Study participants were subjected to experimental heat pain and their nervous system responses were quantified. Then CBD or placebo was administered and pain responses re-assessed. But the study went a step further. Researchers manipulated the information given to the study participants about which substances they received. And they weren’t exactly honest. In some cases, study subjects were told they received CBD when they actually received a placebo and vice versa.
The results were “remarkable and surprising”. Pain measure improvements were found by the direct chemical effects of CBD but also the psychological effects of just expecting that they had gotten CBD.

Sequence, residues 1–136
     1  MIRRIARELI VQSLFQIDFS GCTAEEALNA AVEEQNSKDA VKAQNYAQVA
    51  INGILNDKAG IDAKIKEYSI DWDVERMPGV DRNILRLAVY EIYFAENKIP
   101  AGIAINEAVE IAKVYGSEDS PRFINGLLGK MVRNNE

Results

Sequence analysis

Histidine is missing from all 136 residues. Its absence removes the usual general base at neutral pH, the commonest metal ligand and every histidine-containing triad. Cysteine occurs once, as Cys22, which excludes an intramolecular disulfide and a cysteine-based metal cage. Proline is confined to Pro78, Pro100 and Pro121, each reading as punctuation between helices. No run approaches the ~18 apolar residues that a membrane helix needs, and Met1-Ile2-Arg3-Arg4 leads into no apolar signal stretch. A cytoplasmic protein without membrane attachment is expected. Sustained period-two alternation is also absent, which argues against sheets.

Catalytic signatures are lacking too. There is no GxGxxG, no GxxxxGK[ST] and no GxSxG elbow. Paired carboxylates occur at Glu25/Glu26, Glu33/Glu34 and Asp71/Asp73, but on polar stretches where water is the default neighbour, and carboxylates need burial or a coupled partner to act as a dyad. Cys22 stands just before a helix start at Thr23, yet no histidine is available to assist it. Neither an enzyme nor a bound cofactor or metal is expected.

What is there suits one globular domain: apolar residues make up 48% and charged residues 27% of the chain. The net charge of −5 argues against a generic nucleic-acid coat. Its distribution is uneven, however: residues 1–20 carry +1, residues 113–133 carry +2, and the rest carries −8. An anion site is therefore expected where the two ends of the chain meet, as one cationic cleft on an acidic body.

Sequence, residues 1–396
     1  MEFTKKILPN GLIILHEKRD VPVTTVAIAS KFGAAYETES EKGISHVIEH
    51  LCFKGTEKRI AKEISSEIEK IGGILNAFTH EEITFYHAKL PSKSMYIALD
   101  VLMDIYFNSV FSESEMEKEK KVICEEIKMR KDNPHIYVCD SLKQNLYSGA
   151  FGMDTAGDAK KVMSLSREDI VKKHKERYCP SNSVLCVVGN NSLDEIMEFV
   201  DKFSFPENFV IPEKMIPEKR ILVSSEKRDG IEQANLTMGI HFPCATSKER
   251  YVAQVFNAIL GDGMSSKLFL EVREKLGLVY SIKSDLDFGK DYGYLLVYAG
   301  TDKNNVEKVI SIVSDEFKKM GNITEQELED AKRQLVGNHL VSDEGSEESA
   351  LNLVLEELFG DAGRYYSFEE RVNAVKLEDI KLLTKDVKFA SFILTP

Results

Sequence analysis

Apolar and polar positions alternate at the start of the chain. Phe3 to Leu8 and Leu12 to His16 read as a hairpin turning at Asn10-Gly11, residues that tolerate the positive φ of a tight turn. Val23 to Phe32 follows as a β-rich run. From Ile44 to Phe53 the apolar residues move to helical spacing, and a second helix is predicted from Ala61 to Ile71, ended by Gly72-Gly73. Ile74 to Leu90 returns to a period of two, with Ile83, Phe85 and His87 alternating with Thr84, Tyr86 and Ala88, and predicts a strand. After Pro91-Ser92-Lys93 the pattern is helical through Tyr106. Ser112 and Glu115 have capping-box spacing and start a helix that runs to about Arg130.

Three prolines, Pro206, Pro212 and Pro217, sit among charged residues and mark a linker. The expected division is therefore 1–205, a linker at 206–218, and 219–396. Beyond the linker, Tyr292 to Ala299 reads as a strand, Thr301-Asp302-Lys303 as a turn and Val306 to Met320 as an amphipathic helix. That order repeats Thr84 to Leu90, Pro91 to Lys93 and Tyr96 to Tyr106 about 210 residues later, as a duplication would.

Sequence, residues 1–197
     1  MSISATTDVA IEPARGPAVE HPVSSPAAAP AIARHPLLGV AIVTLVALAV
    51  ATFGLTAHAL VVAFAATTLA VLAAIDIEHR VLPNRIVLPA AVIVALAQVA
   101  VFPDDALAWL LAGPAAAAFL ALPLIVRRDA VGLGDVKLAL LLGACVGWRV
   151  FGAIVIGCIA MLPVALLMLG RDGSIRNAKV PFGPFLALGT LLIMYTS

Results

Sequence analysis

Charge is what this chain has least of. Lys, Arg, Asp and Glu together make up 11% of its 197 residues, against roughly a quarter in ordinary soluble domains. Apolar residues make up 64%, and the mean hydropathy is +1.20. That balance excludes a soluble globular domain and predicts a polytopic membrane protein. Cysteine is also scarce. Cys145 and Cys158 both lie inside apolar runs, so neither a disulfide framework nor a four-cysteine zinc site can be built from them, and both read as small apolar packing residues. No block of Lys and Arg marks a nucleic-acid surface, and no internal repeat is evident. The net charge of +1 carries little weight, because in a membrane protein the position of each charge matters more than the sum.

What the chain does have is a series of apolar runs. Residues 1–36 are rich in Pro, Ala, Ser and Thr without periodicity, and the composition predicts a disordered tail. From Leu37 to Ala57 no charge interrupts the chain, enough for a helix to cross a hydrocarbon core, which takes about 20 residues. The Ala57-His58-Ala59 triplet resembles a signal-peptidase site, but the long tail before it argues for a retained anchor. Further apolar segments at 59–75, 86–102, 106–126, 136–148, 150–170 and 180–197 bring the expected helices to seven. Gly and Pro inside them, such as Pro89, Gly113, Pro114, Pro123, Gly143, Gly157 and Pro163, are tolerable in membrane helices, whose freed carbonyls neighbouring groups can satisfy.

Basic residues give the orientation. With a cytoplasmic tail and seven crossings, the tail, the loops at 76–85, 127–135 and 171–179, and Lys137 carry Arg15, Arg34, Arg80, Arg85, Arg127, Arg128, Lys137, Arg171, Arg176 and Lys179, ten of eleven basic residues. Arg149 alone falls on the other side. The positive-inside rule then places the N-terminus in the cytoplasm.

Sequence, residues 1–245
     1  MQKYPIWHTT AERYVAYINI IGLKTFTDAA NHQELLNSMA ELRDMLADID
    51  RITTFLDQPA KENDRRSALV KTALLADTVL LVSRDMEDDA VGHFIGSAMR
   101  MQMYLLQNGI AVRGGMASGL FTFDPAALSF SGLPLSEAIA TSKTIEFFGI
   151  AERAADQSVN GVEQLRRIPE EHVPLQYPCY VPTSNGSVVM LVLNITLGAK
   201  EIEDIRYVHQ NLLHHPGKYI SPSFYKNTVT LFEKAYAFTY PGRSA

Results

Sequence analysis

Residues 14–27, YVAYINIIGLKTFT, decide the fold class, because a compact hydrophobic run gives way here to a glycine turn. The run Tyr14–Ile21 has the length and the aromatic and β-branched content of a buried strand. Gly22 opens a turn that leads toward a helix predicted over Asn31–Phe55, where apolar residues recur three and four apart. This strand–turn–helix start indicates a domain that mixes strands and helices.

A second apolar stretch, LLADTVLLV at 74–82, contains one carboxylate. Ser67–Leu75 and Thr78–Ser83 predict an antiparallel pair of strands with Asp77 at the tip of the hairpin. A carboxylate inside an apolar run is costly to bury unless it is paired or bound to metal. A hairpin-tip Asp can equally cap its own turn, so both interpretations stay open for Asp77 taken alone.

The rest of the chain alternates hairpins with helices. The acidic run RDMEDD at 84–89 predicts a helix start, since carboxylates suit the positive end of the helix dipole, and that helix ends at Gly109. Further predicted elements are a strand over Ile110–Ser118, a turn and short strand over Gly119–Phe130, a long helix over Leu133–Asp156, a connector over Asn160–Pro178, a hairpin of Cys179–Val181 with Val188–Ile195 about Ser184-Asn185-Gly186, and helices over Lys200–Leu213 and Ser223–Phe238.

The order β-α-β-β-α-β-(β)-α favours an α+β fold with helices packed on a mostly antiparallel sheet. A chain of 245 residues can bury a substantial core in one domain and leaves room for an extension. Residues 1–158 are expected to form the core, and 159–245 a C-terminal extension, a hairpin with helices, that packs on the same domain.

Outlined above is just a glimpse of what is transpiring in the exciting world of CBD. Why is it exciting? Because there is just such potential. Many sources feel that given cannabis efficacy for myriad ailments and its safety profile explosive growth will continue, and is expected to reach $50 billion value in the United States by 2026.
Sweeping legal transformations have occurred, and attitudes towards cannabis are evolving. The new societal context in which cannabis resides raises ever more questions. These cultural, medical, legal, regulatory, economic, and epidemiological questions need to be addressed in a multidisciplinary and evidence-based manner.
Many agencies, societies, and individuals are doing this work, actively seeking to answer these questions. In my opinion, the safe and effective use of cannabis need not wait. I encourage you, as I do my patients, to inform yourselves and pursue that which you feel will enhance your health and wellbeing. Cannabis for many is providing that in spades.